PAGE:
Medical care of sickle cell disease (SCD) has improved in recent years and the long-term prognosis for patients is now more favorable. Pain, however, continues to be a significant problem affecting children and adults with SCD. The frequency and severity of painful episodes is extremely variable among patients. Although disease severity accounts for some of the variability, medical data alone cannot explain all the variation. Newly developed behavioral methods have advantages for assessing how individuals cope with pain, however, these methods have not been widely applied in the analysis of SCD pain. The goal of this research project is to develop improved methods for assessing and treating SCD pain. Using methods piloted in preliminary research, this project will evaluate pain coping strategies in SCD patients. These methods include: 1) a Coping Strategies Questionnaire, and 2) a structured interview to assess pain, activity level, and health care utilization during painful episodes. Data will be collected at baseline and 9 and 18 month follow-ups. Data will be analyzed: 1) to assess the frequency that various pain coping strategies are used by patients with SCD, and 2) to determine the extent to which pain coping strategies predict patients' pain and response to pain above and beyond effects due to medical and demographic variables. This latter aim will help identify effective versus ineffective pain coping strategies in this population. Two studies are planned: Study 1 with adults, and Study 2 with children and adolescents. At the completion of year 5, data are expected on 100 adults and 60 children and adolescents. At the completion of year 5, data are expected on 100 adults and 60 children and adolescents. Several significant benefits are expected from this research. First, the information gathered may help health care professionals identify maladaptive coping strategies in their patients, and enable them to advise patients and their families about the relationship of these strategies to pain. Patients at risk for developing problems in adjustment to pain could be identified and preventive efforts planned. Second, the identification of effective pain coping strategies could help design behavioral treatment interventions. The future objective of this research program is to use the findings of this project to design behavioral interventions for SCD pain management.

Agency
National Institute of Health (NIH)
Institute
National Heart, Lung, and Blood Institute (NHLBI)
Type
First Independent Research Support & Transition (FIRST) Awards (R29)
Project #
5R29HL039124-04
Application #
3471578
Study Section
Behavioral Medicine Study Section (BEM)
Project Start
1987-07-01
Project End
1992-06-30
Budget Start
1990-07-01
Budget End
1991-06-30
Support Year
4
Fiscal Year
1990
Total Cost
Indirect Cost
Name
Duke University
Department
Type
Schools of Medicine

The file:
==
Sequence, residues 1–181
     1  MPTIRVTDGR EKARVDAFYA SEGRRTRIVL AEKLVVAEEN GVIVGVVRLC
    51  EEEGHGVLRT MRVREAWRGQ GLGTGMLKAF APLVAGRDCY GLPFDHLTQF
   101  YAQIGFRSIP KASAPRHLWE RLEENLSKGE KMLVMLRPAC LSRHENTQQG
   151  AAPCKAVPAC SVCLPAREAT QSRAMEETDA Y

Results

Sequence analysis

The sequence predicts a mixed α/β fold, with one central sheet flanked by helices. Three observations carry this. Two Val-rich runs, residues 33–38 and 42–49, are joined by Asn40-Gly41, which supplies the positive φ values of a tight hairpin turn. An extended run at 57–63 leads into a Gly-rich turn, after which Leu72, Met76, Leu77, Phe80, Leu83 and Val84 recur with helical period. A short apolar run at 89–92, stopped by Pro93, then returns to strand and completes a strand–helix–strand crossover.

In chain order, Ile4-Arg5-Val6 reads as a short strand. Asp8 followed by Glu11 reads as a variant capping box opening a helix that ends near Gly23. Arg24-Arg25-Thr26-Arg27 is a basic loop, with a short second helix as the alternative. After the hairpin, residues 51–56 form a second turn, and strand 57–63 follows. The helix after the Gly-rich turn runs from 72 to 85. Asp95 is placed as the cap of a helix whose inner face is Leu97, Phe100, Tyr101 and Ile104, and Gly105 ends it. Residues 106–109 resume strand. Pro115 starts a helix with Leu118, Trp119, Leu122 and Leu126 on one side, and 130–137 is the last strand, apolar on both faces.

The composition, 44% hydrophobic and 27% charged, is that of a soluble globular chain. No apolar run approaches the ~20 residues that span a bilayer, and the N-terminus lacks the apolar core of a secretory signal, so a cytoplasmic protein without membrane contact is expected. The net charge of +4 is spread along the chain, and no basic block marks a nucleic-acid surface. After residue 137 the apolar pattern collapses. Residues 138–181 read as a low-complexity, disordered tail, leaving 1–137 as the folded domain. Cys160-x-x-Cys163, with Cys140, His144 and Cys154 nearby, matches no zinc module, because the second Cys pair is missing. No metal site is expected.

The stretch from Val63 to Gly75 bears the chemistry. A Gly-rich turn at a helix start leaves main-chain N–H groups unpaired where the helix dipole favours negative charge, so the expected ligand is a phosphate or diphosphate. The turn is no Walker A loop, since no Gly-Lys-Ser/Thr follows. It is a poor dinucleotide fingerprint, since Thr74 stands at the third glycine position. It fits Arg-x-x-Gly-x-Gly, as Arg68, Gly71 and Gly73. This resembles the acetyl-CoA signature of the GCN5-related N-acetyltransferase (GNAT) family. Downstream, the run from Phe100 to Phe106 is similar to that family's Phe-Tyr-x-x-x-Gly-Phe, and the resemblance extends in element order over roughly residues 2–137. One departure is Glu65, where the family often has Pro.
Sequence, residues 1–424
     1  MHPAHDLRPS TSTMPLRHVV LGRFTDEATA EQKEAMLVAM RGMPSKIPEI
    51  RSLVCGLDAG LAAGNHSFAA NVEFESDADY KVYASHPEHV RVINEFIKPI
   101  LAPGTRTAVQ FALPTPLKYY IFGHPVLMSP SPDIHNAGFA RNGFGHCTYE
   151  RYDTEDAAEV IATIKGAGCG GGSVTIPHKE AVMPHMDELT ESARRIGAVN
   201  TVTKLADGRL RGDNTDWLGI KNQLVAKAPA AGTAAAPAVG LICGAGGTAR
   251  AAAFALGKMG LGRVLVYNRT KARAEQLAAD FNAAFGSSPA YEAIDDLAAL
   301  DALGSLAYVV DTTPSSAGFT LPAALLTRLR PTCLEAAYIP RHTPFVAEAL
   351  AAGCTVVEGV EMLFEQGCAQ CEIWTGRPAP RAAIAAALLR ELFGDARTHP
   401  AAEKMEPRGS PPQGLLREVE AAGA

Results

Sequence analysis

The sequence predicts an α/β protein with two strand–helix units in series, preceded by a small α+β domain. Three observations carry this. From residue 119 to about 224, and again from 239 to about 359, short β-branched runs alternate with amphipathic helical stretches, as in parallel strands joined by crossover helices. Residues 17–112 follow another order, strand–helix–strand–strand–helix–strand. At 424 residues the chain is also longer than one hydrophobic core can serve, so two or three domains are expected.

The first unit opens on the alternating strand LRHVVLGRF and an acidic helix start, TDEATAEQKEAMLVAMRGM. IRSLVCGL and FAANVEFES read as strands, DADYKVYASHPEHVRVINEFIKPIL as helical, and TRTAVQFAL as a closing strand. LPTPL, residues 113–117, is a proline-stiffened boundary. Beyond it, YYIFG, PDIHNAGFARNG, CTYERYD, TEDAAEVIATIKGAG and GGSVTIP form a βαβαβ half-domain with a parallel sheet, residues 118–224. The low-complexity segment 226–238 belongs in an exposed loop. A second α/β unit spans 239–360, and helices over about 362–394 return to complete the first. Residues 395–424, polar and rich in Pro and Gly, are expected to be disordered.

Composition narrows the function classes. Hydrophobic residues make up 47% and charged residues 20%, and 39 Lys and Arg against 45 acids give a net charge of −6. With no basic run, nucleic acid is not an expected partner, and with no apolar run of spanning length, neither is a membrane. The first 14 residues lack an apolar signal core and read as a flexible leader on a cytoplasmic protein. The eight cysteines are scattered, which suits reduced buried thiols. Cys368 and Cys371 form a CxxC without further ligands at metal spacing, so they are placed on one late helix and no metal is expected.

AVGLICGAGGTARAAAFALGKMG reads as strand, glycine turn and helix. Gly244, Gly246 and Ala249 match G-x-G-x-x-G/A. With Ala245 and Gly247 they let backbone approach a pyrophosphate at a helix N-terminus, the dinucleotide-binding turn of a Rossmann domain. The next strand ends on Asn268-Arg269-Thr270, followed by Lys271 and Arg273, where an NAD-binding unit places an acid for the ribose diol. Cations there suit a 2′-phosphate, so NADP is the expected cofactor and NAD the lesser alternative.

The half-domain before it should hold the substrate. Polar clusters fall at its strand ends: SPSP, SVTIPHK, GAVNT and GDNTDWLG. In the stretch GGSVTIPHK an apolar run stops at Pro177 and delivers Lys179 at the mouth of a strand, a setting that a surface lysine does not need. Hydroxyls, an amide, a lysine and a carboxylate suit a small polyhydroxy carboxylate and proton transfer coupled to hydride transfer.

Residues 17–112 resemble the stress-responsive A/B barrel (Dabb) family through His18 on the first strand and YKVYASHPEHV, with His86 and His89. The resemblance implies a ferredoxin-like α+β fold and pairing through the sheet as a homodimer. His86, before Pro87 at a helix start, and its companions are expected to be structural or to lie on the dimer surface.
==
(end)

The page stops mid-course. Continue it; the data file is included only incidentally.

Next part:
DUNS #
071723621
City
Durham
State
NC
Country
United States
Zip Code
27705
Thompson Jr, R J; Gustafson, K E; Gil, K M et al. (1998) Illness specific patterns of psychological adjustment and cognitive adaptational processes in children with cystic fibrosis and sickle cell disease. J Clin Psychol 54:121-8
Thompson Jr, R J; Gil, K M; Abrams, M R et al. (1996) Psychological adjustment of adults with sickle cell anemia: stability over 20 months, correlates, and predictors. J Clin Psychol 52:253-61
Thompson Jr, R J; Gil, K M; Keith, B R et al. (1994) Psychological adjustment of children with sickle cell disease: stability and change over a 10-month period. J Consult Clin Psychol 62:856-6
Thompson Jr, R J; Gil, K M; Gustafson, K E et al. (1994) Stability and change in the psychological adjustment of mothers of children and adolescents with cystic fibrosis and sickle cell disease. J Pediatr Psychol 19:171-88
Gil, K M (1994) Behavioral assessment of sickle cell disease pain. J Health Soc Policy 5:19-38
Gil, K M; Thompson Jr, R J; Keith, B R et al. (1993) Sickle cell disease pain in children and adolescents: change in pain frequency and coping strategies over time. J Pediatr Psychol 18:621-37
Thompson Jr, R J; Gil, K M; Burbach, D J et al. (1993) Psychological adjustment of mothers of children and adolescents with sickle cell disease: the role of stress, coping methods, and family functioning. J Pediatr Psychol 18:549-59
Thompson Jr, R J; Gil, K M; Abrams, M R et al. (1992) Stress, coping, and psychological adjustment of adults with sickle cell disease. J Consult Clin Psychol 60:433-40
Gil, K M; Abrams, M R; Phillips, G et al. (1992) Sickle cell disease pain: 2. Predicting health care use and activity level at 9-month follow-up. J Consult Clin Psychol 60:267-73
Gil, K M; Williams, D A; Thompson Jr, R J et al. (1991) Sickle cell disease in children and adolescents: the relation of child and parent pain coping strategies to adjustment. J Pediatr Psychol 16:643-63

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